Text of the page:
Rift valley council of elders want the national Government to compensate some 41,000 surviving members of Kenyan freedom fighters after a London court dismissed their case.
A group of Mau Mau veterans had lodged a case in a British court seeking compensation for torture meted on them by the colonial government.
It was an unceremonious end to the quest to receive compensation for atrocities committed by the British government during the struggle for independence on the 41000 freedom fighters after they lost their case before a British court.
The surviving freedom fighters had hoped to get an allocation from the United Kingdom just like the 5,228 Kenyans, mostly Mau Mau veterans, who had sued earlier and got a total of 2.7 billion shillings in an out-of-court settlement reached in 2013.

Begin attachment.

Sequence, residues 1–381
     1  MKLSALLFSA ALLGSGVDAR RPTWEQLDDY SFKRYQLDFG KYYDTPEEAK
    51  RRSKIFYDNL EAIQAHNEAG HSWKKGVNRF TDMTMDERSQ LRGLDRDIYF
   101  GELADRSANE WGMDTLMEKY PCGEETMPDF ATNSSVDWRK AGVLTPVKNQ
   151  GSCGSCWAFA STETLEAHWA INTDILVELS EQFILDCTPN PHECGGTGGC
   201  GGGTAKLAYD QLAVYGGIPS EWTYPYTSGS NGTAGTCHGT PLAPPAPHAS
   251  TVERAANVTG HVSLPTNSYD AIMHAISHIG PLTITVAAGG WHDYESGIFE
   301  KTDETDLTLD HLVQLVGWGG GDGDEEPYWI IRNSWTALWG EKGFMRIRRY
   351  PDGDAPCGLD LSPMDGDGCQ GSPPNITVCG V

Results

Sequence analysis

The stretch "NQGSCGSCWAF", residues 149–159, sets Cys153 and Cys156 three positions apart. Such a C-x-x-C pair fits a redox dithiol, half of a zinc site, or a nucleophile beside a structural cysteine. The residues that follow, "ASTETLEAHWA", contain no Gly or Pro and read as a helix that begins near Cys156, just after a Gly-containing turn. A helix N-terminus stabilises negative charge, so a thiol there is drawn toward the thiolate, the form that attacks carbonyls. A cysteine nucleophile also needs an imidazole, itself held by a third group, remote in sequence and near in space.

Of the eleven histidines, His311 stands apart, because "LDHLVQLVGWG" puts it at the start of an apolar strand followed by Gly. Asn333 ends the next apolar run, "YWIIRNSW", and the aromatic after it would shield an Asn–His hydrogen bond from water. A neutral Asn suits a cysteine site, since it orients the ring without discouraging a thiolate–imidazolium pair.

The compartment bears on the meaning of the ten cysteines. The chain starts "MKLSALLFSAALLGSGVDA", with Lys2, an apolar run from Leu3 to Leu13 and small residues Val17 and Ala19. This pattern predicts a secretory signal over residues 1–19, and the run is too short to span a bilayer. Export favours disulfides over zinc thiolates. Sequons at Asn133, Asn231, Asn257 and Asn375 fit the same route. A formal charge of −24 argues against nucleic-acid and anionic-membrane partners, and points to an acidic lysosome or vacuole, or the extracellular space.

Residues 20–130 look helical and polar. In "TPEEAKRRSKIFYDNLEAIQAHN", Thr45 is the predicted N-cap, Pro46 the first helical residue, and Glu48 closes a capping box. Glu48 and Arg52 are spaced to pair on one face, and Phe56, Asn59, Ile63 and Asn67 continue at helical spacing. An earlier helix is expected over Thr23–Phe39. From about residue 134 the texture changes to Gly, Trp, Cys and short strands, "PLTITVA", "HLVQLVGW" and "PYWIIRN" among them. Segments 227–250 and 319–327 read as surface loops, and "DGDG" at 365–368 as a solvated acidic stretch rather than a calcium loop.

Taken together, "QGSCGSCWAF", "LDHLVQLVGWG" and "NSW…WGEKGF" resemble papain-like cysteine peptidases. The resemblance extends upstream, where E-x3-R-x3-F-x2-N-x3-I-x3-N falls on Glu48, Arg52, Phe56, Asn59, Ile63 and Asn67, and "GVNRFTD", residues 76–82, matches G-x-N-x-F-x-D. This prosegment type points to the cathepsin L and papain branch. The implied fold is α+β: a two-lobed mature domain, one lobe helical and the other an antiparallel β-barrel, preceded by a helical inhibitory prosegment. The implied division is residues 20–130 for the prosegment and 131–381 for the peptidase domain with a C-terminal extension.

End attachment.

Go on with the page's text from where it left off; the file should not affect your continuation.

Led by the group’s patron Gilbert Kabage who termed the dismissal as unfortunate, the veterans said the Kenyan government has an obligation to compensate them after they were denied justice abroad.
According to him, there was no need to celebrate Mashujaa day if the freedom fighters were still languishing in poverty without any support from the government.
Kabage accusing the British court of failing to address critical matters raised in the after the judge struck it out on grounds that the case was filed out of time.
In the judgment, Justice Stewart of the Queen’s Bench Division of the High Court said the time difference from the time the alleged atrocities happened and when the case was lodged was too long to enable a competent trial.